Last night I went to a 10:35 pm showing of Wayne Blair‘s The Sapphires (Weinstein Co.), which I’ve been praising up and down since catching it 10 and 1/2 months ago in Cannes. It was playing in a smaller Arclight theatre (#12) and there were 20 or 25 people in the seats, if that. I enjoyed it almost as much as that Cannes viewing. It was a tiny better in Cannes because I wasn’t expecting much and I didn’t know how good Chris O’Dowd would be. This time I was just looking for a nice repeat and I got that, but the first time is the charm.
The Sapphires is an Aboriginal Dreamgirls set in 1968, smaller-scaled and flavored/punctuated with rural Australia and war-torn Vietnam. Less flash and razzle-dazzle, no strobe lights and more emotionally restrained than Dreamgirls plus no Beyonce, Jamie Foxx or Eddie Murphy…but with the robust, note-perfect O’Dowd and ripe, live-wire performances from Deborah Mailman, Jessica Mauboy, Shari Sebbens and Miranda Tapsell — great singers, attractive and emotionally pronounced in every scene.
This is a smallish film with heart and charm and humor and rousing music, and yet The Sapphires made beans this weekend in four theatres ($40,9000 = $10 grand per screen or $3300 per theatre per day). I guess I knew this would happen but it still doesn’t feel right. The Weinsteiners know that a character-driven indie film about an Aborginal girl group isn’t hooky or flashy or oomphy enough for the megaplex popcorn-heads and so they’re starting out small, but…I don’t know but it feels a bit frustrating.
I know that the weekend’s biggest hit, Olympus Has Fallen (which took in 30 million and change in 3098 theatres), is one of the dumbest, cheesiest and most depressingly low-grade Die Hard flicks ever and the people who made and distributed it are popping the champagne. The book is called “When Good Things Happen To Bad People.”
Could it be that people are assuming the film might be about a lesbian singing group? Sapphire, sappho, etc. I’m just free-associating here.
From my Cannes Film Festival review: “A healthy portion is cool, snappy, rousing, well-cut and enormously likable. (And dancable.) That would be the first 40%, when the true-life tale of an Aboriginal Supremes-like group assembled and took shape in Australia in 1968. This 40-minute section, trust me, is definitely worth the price.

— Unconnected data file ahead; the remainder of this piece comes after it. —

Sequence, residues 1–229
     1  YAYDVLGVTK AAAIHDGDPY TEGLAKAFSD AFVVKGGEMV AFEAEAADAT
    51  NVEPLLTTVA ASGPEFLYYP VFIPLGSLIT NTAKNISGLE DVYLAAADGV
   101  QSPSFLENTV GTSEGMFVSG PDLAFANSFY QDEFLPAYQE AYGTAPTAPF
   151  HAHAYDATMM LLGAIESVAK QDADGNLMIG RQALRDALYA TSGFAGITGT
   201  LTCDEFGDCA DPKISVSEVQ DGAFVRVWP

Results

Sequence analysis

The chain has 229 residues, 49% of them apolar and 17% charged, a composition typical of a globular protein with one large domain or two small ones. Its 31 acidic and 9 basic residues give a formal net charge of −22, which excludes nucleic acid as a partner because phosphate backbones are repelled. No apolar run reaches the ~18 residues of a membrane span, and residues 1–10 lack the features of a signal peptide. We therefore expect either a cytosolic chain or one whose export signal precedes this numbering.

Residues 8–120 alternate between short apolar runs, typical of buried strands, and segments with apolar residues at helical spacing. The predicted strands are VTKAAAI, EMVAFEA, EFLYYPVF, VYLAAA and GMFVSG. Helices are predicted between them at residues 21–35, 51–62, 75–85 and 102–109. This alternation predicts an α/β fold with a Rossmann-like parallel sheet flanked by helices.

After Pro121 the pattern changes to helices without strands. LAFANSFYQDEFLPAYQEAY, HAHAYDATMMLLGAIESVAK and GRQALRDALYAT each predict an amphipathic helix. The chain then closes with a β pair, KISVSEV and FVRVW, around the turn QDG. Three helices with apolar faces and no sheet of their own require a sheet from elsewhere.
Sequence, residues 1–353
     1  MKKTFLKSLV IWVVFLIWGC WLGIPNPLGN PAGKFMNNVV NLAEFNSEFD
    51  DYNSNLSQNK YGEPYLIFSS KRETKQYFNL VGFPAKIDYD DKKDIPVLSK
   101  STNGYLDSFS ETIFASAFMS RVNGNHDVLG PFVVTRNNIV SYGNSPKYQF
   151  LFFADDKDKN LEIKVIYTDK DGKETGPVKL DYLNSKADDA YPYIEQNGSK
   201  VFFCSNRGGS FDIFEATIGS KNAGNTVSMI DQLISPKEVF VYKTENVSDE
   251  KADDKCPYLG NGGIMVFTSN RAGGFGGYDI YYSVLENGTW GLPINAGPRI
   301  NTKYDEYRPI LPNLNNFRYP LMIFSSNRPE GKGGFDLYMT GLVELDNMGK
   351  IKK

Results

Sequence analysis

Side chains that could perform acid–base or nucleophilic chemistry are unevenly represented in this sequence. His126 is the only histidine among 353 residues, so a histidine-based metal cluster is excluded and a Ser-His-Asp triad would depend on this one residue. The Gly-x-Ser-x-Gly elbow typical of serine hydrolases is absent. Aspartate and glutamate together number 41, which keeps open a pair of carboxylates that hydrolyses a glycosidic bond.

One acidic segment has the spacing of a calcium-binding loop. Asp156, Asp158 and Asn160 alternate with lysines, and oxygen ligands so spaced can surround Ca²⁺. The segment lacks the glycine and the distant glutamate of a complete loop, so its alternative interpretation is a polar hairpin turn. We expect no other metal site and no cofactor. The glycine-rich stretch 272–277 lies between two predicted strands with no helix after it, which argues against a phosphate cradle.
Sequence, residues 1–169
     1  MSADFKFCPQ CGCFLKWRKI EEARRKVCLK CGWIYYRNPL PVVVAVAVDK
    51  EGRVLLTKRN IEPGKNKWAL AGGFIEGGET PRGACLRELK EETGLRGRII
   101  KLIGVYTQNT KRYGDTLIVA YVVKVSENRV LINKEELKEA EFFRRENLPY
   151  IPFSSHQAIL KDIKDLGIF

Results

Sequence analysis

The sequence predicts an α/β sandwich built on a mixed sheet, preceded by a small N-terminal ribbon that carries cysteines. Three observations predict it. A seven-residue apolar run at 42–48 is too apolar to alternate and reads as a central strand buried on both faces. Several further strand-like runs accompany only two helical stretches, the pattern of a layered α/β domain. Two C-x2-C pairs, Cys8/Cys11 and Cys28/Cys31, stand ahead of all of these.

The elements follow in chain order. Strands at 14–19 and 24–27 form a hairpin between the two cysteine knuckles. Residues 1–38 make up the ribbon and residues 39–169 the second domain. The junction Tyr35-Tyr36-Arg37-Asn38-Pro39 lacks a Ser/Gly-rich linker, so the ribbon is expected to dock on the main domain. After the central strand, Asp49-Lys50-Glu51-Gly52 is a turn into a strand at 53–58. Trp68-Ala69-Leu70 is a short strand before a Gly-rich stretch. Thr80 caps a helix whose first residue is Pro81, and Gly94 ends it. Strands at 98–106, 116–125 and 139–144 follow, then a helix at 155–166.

“But the main reason the film delivers overall is Chris O’Dowd‘s performance as Dave, a charmingly scuzzy boozer and Motown fanatic who steers the four girl singers (Deborah Mailman, Jessica Mauboy, Shari Sebbens, Miranda Tapsell) away from country and towards soul music, and then takes them to Vietnam to entertain U.S. troops. Dowd’s manner and personality are a total kick — an absolute hands-down winner and the best reason to see The Sapphires, even when it turns sketchy in the last half or so.
“I was saying to myself during the first 10 or 15 minutes, ‘Whoa, this is pretty good…not as high-throttle razzmatzzy as Dreamgirls but I like it better.’ And then it kept on going and hitting the marks for the most part. Blair is a talented director who knows how to cut and groove and put on a show. [Even during the parts] when it’s not really working The Sapphires at least keeps the ball in the air with reasonable agility and sass. The analogy, come to think, isn’t really Dreamgirls as much as Hustle and Flow and The Commitments, at least during those first 40 minutes.
“The soul classics are delightful to savor throughout. The music put me in a good mood right away and kept me there.
“The script is by Aboriginal actor-writer Tony Briggs and Keith Thompson, and based on Brigg’s 2004 stage play, which was based on his mom’s true story (as the closing credits infom).”